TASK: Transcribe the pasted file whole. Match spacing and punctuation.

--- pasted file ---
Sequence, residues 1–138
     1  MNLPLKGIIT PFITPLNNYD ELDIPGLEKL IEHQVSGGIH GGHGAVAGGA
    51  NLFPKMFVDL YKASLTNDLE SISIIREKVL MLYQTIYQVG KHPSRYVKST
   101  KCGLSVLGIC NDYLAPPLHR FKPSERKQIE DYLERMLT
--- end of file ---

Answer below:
Sequence, residues 1–138
     1  MNLPLKGIIT PFITPLNNYD ELDIPGLEKL IEHQVSGGIH GGHGAVAGGA
    51  NLFPKMFVDL YKASLTNDLE SISIIREKVL MLYQTIYQVG KHPSRYVKST
   101  KCGLSVLGIC NDYLAPPLHR FKPSERKQIE DYLERMLT